The American Vision: A Biblical Worldview Ministry

Movies as Apologetic Training

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As we pick back up with our short series on apologetics, I am reminded of the usual Christian response to movies and the film industry in general. While these articles were not intended to be a series on Christian worldview, apologetics and worldview are inextricably linked. Your worldview informs your apololgetic and vice versa. This is why I find movies to be so helpful as both training tools and practical examples. They are virtually a self-contained apologetic for their particular worldview. And, as we discovered two weeks ago, films can be used effectively to illustrate points of connection and departure with the Christian worldview.

One of the primary reasons that I like to use movies as object lessons is because of their near universal consumption. You are more likely to find someone who has seen the same movie as you have then you are to find someone who has read the same book or newspaper article. Movies have become the literature of modern culture. More often than not, the Christian response is to curse this reality, instead of utilizing it or offering any alternative to it. In the area of Christian apologetics, movies can provide a great “classroom” in which to practice and sharpen apologetic skills and methods. Would-be apologists can benefit greatly by thinking through and interacting with the films (and TV shows) that they watch, instead of passively consuming the content and—more importantly—the message.

Movies are somewhat covert in their apologetic because they come to the marketplace of ideas dressed as “entertainment.” Even the scantily clad denizens of the marketplace—documentaries like An Inconvenient Truth or anything produced by Michael Moore—spend the large part of their time spelling out and exemplifying what they see as the “problem,” before they spring the “solution” on the viewer. In other words, a story is told about how things “really are.” Although this is accomplished in many different ways, every film does it. In terms of an apologetic, this is where the film lays out its “statement” behind its question. While some do this better than others, all films (and all stories for that matter) attempt to establish a relationship with the viewer through its characters and the problems that they face. The settings vary greatly—from a dark seedy bar in East Manhattan to the bright lush jungles of the Amazon—but the worldview of the film itself is told by the conflict and resolution of its characters. It is here that Christians need to pay attention and think biblically or else we will come away from the film as the ones being evangelized.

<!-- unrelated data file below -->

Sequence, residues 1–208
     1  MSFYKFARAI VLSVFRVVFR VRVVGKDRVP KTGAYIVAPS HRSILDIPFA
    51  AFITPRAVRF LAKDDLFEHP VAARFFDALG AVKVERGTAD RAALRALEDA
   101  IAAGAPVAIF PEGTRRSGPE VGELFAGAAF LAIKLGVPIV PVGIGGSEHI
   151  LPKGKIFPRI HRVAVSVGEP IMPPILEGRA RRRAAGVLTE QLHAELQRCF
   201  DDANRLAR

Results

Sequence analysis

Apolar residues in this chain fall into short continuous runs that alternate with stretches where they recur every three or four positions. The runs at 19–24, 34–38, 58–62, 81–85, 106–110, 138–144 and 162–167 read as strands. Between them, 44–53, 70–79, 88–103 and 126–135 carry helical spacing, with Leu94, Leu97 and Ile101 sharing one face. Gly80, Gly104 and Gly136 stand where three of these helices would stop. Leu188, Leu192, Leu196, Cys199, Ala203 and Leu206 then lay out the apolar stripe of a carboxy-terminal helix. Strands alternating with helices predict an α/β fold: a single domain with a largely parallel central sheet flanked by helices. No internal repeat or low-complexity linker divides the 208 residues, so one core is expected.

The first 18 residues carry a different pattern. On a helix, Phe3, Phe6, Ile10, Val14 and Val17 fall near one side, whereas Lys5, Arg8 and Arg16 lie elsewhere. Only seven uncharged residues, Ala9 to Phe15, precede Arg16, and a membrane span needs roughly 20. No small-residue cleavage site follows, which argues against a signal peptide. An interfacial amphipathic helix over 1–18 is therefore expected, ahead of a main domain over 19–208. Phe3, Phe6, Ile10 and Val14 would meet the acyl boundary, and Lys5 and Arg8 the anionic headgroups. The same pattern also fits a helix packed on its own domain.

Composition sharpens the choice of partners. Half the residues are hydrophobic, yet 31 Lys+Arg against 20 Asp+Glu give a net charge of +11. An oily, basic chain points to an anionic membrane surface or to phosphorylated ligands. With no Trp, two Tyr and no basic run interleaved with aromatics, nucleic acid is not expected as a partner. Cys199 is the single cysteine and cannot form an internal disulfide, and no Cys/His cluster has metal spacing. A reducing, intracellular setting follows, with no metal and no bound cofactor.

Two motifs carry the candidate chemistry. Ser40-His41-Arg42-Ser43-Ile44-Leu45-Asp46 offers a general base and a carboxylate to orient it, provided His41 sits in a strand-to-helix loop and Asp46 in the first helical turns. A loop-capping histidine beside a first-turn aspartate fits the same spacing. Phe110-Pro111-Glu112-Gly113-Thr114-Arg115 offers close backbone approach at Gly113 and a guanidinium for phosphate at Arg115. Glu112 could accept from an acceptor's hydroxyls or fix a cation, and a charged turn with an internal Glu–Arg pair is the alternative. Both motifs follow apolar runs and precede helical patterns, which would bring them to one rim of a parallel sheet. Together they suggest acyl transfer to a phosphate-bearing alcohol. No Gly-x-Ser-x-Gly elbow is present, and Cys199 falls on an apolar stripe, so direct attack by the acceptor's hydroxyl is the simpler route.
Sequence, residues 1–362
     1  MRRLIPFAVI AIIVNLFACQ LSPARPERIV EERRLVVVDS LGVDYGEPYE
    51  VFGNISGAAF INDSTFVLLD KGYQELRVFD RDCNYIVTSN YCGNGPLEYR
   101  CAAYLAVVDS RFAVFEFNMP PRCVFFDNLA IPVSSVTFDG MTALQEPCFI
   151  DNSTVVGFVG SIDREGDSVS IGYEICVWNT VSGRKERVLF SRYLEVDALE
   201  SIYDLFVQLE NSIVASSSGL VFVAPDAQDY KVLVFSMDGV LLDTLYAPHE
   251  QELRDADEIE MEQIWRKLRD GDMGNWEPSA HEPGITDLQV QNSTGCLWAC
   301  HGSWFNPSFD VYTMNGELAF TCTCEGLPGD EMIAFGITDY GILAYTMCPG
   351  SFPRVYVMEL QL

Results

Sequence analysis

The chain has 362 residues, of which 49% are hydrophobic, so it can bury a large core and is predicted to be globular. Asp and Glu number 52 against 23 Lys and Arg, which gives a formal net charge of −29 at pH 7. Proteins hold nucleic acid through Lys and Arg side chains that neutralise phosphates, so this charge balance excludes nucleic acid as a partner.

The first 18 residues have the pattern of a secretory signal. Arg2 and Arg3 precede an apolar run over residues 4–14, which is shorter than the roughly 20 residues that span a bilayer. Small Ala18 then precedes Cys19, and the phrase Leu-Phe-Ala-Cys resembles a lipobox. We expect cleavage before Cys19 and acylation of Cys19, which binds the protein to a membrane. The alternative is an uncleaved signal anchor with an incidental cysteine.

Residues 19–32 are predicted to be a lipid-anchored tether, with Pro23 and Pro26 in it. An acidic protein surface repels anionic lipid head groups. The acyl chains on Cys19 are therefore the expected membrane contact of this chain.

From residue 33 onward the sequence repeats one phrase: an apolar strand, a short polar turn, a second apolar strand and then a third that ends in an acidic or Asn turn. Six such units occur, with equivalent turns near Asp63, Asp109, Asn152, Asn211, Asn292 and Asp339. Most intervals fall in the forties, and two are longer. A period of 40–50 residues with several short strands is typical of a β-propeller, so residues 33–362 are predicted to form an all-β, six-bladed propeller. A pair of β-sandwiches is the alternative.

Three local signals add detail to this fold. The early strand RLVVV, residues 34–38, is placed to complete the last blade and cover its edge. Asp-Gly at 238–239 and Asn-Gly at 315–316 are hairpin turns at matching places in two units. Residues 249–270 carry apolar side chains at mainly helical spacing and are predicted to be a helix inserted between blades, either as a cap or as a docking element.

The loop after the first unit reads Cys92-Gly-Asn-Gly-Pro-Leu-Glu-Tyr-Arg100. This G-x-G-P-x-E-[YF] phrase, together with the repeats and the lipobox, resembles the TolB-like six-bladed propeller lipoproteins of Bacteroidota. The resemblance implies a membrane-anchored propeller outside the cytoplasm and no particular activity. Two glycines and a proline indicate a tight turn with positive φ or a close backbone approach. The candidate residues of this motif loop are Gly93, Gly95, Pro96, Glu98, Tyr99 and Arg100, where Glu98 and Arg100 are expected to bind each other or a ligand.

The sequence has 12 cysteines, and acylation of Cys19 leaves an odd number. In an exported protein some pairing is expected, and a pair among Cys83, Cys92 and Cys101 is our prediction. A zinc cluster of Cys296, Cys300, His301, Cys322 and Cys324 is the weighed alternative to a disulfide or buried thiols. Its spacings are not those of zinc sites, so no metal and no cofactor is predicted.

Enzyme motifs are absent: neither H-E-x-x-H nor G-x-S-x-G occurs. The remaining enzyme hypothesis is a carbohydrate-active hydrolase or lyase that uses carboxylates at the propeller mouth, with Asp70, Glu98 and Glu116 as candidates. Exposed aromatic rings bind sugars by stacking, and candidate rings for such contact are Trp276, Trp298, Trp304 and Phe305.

Although it is beyond the scope of this article to expound of how this type of analysis is done, it is not beyond the scope of this series. What we are trying to impart to readers is that everything is filtered through your worldview; movies are only a subset of a greater whole that informs our thinking. But, if we can train our minds to think critically and biblically about the media that we consume, we will soon find that it becomes a habit in all areas of life. “Renewing our minds” (Rom 12:2) is an act of the will and requires obedience. God doesn’t replace our mental fluids at the moment of conversion with “biblical worldview oil.” This takes work and patience. The apostle Paul continually wrestled with the “old man” as he called it (Rom. 6-7), and we should expect nothing different. One of the main frustrations that new Christians have is that they are taught what not to do, think, or say.[1] Christianity for them becomes a legalistic system of dos and don’ts, instead of the full and complete worldview that it is. Movies provide a great non-confrontational starting point for new (and old) Christians to exercise their brains and get the “worldview oil” flowing. More on this next week.
This was the main point of the book UnChristian, by David Kinnaman and Gabe Lyons. In fact, they make the point that this has become the standard view among non-believers as well, that Christians are known more for what they oppose than what they are for.
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